No matter what iteration of the primary purpose test the Court might apply, I don't see any Justice concluding that the child's was a "witness" within the meaning of the Confrontation Clause. Or, in the lingo created by Crawford, that his statements were "testimonial."

I think Fisher's goal should be to try and minimize the damage to the Crawford "testimonial" approach.

First, he must convince five Justices not to trash Crawford entirely. Four Justices appear ready to sink the Crawford ship. One more and its lifespan will be half of that of Roberts.

Secondly, if the Court allows Crawford to survive, he must try to convince five Justices not to narrow the Court's conception of which hearsay declarants constitute "witnesses" such that the "core" cases (like Lilly and Crawford) become the perimeter of the Clause's reach.

If anyone can pull this off it is Fisher. But, for all of the reasons I previously stated on this blog, I don't think he will succeed.

How far the Court will go in concluding that statements from one private party to another private party (without any connection to any action or conduct on the part of the government) are not within the reach of the Clause should be very interesting.

As I have previously stated, I believe there are two routes that the Court can take to reach this conclusion.

First, there is no resemblance whatsoever between the manner in which any purely private party hearsay is created and the historical abusive government practice (of creating statements out of court in a coercive setting and using them in court as a substitute for live testimony to convict a criminal defendant) that gave rise to the Clause.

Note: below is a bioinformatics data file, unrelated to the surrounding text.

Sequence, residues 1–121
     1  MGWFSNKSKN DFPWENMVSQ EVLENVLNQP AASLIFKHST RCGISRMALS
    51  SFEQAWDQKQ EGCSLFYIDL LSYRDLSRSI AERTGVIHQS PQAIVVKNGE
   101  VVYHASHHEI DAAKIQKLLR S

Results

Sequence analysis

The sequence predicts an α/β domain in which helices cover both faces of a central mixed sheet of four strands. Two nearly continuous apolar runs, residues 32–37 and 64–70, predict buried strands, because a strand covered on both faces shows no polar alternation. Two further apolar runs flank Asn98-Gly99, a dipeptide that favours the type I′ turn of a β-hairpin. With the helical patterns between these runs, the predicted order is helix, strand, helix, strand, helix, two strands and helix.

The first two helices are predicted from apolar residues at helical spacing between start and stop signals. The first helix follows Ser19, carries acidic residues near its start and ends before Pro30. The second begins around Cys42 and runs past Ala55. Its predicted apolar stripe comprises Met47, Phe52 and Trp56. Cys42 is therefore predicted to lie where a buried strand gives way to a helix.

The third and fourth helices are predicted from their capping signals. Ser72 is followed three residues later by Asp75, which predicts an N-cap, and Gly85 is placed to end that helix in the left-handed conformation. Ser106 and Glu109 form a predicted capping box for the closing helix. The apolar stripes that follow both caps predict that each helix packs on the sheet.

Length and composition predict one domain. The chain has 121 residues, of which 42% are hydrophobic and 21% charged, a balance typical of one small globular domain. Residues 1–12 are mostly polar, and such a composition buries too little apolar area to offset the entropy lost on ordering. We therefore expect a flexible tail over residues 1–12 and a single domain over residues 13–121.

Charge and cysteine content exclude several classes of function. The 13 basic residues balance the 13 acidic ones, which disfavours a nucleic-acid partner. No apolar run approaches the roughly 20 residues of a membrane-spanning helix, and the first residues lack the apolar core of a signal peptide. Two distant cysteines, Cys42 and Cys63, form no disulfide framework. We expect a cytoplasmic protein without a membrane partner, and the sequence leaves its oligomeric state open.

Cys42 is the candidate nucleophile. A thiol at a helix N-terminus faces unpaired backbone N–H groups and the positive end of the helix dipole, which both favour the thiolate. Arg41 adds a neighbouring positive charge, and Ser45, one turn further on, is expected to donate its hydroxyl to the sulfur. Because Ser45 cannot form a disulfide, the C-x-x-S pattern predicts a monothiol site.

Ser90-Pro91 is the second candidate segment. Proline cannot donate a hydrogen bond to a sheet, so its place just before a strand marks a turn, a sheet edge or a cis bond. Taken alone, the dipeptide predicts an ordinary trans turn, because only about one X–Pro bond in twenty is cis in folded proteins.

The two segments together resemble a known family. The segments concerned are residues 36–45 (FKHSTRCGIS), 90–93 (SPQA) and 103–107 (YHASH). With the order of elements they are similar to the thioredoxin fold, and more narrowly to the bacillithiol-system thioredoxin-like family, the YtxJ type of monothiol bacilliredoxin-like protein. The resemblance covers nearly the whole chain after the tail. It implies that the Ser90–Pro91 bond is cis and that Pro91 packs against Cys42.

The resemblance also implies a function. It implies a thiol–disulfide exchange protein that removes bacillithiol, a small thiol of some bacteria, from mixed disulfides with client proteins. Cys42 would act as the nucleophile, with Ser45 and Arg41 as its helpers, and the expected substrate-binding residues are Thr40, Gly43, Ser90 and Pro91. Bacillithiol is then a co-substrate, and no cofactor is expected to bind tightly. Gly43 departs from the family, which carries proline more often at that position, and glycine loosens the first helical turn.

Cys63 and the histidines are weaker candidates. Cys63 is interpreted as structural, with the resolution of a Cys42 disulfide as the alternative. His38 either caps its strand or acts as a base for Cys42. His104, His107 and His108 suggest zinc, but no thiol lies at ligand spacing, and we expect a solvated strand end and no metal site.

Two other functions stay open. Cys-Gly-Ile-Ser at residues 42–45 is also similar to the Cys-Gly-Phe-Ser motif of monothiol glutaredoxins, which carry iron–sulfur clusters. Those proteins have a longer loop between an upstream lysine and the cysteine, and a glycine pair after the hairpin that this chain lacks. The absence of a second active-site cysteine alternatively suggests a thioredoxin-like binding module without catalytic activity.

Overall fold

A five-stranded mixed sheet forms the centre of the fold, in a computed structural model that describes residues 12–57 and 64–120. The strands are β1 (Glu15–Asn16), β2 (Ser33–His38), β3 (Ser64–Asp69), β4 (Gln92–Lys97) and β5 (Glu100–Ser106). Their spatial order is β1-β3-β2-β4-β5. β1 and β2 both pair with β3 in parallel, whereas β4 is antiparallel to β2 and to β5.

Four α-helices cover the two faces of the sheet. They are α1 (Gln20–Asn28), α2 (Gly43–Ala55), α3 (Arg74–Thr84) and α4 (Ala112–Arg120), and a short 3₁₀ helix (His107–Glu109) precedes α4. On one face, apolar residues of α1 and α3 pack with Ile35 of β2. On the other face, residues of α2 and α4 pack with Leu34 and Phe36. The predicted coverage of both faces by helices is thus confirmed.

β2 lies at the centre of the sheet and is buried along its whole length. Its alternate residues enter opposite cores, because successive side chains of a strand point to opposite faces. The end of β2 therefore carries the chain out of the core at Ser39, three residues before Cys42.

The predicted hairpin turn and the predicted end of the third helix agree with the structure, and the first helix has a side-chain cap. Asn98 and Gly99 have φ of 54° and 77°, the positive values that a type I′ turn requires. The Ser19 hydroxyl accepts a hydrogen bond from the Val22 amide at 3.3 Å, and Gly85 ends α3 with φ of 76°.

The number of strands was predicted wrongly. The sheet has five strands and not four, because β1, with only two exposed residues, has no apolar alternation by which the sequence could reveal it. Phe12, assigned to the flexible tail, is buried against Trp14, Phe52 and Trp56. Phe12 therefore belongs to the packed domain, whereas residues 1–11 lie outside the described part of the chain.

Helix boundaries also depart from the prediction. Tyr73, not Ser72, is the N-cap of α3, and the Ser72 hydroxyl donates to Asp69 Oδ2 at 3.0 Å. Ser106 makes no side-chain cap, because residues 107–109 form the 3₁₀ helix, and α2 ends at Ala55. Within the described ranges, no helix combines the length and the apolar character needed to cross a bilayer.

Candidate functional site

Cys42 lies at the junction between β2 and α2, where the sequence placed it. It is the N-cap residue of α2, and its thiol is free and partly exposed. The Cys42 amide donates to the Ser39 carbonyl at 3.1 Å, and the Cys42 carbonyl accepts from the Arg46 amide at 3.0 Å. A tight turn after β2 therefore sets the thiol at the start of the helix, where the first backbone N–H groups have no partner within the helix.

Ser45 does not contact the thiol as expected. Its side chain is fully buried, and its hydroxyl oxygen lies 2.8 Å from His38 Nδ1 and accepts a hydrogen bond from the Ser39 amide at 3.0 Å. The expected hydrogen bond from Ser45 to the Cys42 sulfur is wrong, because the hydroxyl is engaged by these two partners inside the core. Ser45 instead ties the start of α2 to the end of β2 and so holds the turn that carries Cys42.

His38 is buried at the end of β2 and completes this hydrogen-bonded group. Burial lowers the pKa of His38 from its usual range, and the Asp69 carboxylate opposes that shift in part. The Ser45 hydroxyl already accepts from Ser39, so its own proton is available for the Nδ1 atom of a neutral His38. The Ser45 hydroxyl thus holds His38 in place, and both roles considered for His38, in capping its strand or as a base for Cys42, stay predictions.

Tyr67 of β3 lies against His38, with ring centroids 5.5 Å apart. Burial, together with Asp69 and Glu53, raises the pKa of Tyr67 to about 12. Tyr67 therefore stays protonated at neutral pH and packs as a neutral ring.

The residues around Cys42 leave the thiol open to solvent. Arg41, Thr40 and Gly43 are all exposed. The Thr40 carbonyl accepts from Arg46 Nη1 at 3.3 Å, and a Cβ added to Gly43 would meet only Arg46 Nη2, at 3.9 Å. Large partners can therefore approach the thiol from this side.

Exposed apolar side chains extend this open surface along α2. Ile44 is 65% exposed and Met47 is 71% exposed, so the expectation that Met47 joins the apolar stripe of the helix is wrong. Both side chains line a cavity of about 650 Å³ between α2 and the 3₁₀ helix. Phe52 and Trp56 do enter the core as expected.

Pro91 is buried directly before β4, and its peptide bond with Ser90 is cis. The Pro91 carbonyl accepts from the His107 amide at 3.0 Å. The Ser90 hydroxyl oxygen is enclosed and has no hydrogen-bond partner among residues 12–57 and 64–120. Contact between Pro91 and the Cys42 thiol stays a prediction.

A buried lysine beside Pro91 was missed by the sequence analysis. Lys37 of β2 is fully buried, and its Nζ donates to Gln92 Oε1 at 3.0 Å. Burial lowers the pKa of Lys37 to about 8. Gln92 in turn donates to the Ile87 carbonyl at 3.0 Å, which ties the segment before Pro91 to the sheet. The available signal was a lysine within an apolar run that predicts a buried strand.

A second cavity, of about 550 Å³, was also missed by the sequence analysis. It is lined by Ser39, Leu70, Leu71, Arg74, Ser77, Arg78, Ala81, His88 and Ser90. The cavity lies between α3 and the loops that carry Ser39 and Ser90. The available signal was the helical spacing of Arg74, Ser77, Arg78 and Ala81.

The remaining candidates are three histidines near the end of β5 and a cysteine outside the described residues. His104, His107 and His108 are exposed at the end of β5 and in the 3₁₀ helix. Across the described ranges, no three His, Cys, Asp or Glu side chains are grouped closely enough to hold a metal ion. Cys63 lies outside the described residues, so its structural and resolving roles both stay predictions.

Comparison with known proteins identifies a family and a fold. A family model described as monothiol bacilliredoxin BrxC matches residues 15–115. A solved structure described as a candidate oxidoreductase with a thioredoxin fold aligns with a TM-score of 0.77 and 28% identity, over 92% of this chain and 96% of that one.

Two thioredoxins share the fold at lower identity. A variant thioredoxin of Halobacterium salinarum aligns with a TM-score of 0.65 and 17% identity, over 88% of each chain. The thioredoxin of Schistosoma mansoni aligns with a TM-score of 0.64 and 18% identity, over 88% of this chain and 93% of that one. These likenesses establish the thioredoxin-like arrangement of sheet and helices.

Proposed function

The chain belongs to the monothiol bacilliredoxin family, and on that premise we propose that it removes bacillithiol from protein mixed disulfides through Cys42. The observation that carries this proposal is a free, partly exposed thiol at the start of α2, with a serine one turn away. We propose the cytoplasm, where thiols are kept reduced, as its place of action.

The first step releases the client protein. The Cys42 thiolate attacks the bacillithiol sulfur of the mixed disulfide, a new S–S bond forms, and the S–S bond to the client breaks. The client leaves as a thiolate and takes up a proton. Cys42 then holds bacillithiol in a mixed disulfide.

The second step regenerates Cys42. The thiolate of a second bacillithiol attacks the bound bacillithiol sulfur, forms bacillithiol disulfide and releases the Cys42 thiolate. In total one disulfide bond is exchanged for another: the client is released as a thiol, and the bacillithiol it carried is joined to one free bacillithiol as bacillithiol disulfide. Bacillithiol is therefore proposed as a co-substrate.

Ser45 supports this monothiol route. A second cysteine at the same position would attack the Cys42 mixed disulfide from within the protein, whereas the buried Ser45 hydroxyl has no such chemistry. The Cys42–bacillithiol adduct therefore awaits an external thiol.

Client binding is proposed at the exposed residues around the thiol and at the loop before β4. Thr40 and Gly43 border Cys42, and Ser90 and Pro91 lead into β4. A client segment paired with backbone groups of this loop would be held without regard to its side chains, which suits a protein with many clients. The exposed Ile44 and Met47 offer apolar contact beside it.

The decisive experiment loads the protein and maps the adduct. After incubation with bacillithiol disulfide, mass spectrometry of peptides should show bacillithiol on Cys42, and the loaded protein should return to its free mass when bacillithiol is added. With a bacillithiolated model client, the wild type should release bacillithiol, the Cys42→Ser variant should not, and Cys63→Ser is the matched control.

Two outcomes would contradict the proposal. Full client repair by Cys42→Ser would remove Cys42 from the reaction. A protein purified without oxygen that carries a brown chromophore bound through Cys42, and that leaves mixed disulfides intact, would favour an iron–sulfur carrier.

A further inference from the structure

Second, the Clause is inapplicable as a bar to admissibility of hearsay in the absence of some action/conduct on the part of a "state actor" in creating the challenged statements. The Clause was "incorporated" via Fourteenth Amendment Due Process. And the later provision requires "state action" before it is operative as a bar to the admissibility of evidence. (See Perry v. New Hampshire and Colorado v. Connelly.) I don't see how the Clause -- a provision which is applicable to the states only because of the Due Process Clause of the Fourteenth Am. -- can act as a hearsay admissibility bar when the provision that makes it operative as a limitation on state sovereignty applies only if "state action" (in creating evidence) is present.

In any event, I am looking forward to reading Professor Fisher's brief and those of supporting amici.

Anonymous said...

paul, even when I disagree I respect your opinion so I want to ask a question that I genuinely do not understand. Regardless of whether or not the State court should have held that teachers are state agents, they did in fact hold so. On what basis does SCOTUS have the /power/ to overturn a State Supreme Court's valid interpretation of its own state law?

I know that SCOTUS has granted cert on just this question. My question is what statue or Constitutional provision grants them the authority to overturn the Ohio court on its legal conclusion.